The Bat is the first Jo Nesbo novel I’ve read, and in fact among only a few Scandinavian crime fiction books. It tells the story of Harry Hole, a Norwegian detective sent to Sydney following the brutal murder of a Norwegian there. He, of course, is a troubled cop dealing with alcoholism and the past mistakes his condition caused (particularly, the death of a fellow officer). But he is also a brilliant detective. You know the type. It’s a cliche but works when written well (I’m thinking of Lawrence Block in particular).
They track the killer down , eventually, but we meet a host of unfortunate people on the way, many of whom appear for brief periods, to be the killer – including Andrew, a high functioning drug addict and fellow police officer and Otto (the bat), a troubled gay man, Joseph an alcoholic aboriginee, drug dealer Evans White. And we meet Birgitta, a fellow Scandinavian, with whom Harry has a brief and tragic affair.
I enjoyed it, in an Ian Rankin kind of way. It was a cut above a lot of conventional page-turner crime fiction in that the characters were largely believable, the plot was interesting and credible, and, importantly, it was very easy to read. The most compelling parts were not the tracking of the criminal but the troubles of the main protagonist Harry Hole.
But, for all its entertainment, it is the kind of book that is largely forgettable. Hence the need for this blog post!
Like its contemporary Girl on a Train, Gone Girl is part of a supposedly new genre of ‘psychological thriller.’
It tells the story of a couple who start off happy but end up with disappearances, accusations and murder. It alternates between each of their stories – Amy a rich New Yorker, Nick from parochial Missouri. Both out of work, they move back to Nick’s Missouri hometown and their relationship unwinds.
We see his chauvinistic tendencies first and then her controlling insecurities. The story twists and twists some more until the bizarre, if slightly far fetched truth, emerges. The end is strong in its ambiguity, revealing one of them as a dangerous murderer; yet they stay together because they need one another, despite everything.
Whether the label of psychological thriller describes anything new or not I don’t know – probably not – but Gone Girl, like Girl on a Train, works. What they in common is alternating first person narratives from unreliable narrators that gradually reveal what has happened. And what they both share, too, is a sophisticated understanding of our inner-minds that goes beyond the average crime fiction novel. Girl on a Train’s particular insight is into alcoholism and the psychology of being alone. Gone Girl’s is into relationships, what we know and don’t know about people we are close to, and how we can choose something because we need it, even if it is no good for us.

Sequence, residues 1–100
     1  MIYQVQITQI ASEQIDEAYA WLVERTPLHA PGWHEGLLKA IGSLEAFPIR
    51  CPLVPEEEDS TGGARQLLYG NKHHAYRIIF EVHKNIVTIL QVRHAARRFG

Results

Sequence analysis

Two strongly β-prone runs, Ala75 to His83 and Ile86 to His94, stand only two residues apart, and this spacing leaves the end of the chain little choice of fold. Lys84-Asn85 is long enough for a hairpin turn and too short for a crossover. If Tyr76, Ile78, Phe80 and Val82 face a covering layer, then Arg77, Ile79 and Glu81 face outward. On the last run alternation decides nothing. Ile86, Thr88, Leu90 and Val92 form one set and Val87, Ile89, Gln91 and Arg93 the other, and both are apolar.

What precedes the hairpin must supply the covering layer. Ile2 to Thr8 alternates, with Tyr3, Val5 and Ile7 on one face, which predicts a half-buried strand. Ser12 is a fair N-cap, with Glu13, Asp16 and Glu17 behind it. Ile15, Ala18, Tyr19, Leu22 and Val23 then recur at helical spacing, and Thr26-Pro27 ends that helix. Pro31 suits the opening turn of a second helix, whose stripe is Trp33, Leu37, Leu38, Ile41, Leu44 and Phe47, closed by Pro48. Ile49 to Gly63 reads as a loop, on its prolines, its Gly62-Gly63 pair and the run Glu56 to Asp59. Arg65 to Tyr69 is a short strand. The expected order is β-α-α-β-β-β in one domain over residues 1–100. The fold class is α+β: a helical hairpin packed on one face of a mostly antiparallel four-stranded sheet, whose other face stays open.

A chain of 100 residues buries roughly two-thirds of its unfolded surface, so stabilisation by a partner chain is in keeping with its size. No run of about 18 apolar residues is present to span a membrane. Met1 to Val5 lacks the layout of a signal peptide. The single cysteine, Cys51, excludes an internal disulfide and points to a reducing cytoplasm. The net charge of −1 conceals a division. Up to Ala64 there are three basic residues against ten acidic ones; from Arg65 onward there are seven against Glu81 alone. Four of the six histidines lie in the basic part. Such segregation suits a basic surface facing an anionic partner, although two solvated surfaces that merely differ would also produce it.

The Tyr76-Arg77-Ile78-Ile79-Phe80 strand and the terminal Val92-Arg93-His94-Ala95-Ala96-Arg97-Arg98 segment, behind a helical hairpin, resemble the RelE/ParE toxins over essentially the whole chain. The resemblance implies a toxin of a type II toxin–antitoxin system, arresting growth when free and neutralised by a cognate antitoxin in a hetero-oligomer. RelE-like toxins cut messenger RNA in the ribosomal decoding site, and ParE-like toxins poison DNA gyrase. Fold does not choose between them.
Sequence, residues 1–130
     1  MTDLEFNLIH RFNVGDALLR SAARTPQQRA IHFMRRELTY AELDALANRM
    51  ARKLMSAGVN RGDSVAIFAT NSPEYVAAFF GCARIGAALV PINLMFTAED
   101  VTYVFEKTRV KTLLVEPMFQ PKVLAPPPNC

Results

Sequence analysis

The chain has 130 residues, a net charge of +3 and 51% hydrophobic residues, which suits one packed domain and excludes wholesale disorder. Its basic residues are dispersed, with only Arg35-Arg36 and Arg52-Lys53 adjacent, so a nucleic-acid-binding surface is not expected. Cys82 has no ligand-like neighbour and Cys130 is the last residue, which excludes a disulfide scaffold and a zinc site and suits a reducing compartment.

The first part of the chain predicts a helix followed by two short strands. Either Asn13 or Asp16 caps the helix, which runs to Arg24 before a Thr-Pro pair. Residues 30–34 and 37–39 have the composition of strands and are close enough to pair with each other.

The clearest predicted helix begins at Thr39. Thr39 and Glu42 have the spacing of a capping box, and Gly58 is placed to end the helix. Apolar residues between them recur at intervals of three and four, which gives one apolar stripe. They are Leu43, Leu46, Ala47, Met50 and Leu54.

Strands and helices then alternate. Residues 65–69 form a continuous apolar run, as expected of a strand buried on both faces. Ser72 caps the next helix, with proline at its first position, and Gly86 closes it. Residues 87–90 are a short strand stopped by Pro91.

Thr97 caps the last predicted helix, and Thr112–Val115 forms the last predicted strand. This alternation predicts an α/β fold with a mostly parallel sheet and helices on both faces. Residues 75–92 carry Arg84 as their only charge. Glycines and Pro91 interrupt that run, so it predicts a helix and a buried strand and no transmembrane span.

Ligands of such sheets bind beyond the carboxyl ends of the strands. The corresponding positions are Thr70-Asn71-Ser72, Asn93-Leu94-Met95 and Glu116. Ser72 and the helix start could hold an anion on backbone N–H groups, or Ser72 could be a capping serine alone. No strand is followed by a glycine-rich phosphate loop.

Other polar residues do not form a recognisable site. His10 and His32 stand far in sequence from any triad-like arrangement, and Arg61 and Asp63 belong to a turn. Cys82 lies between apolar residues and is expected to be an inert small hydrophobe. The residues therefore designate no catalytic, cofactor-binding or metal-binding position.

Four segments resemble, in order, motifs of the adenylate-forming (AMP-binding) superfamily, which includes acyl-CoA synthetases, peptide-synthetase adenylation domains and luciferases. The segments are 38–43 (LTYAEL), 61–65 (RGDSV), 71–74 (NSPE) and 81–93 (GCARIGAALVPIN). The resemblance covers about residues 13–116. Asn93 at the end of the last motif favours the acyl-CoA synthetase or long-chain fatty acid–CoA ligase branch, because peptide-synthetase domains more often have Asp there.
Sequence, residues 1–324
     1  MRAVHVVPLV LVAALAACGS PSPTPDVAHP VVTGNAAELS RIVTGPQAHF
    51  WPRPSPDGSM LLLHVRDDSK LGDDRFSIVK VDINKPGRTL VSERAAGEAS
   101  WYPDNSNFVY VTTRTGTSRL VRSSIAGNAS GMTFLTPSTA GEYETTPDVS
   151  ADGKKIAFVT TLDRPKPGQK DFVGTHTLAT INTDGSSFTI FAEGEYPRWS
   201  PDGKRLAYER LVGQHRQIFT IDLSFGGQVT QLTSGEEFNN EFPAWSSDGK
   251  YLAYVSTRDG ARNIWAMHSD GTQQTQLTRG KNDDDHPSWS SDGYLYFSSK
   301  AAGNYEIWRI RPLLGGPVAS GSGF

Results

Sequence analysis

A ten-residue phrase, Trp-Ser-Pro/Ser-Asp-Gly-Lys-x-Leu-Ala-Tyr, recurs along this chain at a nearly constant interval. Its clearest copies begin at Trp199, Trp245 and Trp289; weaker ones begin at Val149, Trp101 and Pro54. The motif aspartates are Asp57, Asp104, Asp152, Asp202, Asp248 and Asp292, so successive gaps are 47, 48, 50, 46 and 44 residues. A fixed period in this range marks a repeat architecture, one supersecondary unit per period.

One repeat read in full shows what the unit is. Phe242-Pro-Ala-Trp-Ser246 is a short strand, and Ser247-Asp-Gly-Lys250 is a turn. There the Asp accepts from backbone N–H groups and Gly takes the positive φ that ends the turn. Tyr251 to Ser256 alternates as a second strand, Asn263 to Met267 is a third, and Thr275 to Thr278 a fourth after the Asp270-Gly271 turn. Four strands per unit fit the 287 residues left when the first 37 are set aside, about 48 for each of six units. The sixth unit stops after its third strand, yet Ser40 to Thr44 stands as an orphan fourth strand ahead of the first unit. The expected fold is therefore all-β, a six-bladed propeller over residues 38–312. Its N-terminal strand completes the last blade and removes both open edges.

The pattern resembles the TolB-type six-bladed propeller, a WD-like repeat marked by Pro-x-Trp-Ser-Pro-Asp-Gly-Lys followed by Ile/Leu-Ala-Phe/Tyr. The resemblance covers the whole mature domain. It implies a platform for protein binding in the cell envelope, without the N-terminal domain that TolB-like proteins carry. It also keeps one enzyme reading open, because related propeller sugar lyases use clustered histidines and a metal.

A strong novel worthy of it’s acclaim.
I don’t read a lot of horror which may or may not explain why I was captivated by Ligotti’s book of short stories.
There are around twenty stories, each telling an eerie and disconcerting tale of strange occurrences in a world devoid of hope. It is horror (or perhaps what seems to be referred to as speculative or weird fiction) with a focus on creating an atmosphere or creeping terror rather than any recourse to violence or gore. Each story is written in a flowing but formal matter of fact tone, which adds to the distance the reader feels.
Take The Town Manager, which tells the odd story of a town which has a manager who runs it. There has been a succession of managers, each bringing in new and stranger decisions, with the latest boosting tourism by forcing all the shopkeepers to turn their stores into bizarre carnival-like attractions. As always the town manager eventually disappears. The protagonist leaves the town, only to be approached and asked to be the next town manager.
Our Temporary Supervisor is perhaps the most powerful in the collection. Written in the first person it describes a factory where the supervisor is replaced by a dark phantom like presence and, more strangely still, where a new worker appears who is faster and works harder than everyone else. Not to be seen to be lazy or inefficient, everyone else starts to work longer and longer hours until their lives are spent working in the factory, rarely leaving or stopping.
Many of the stories are driven by themes of determinism, of dark forces – both supernatural and the very material power of capital – driving everyone’s behaviour, of our lives being the plaything of others. The books are full of despair and almost entirely lacking in warmth or character. Yet they are absolutely compelling reading, as if you are being forced to read on by powers beyond your control ….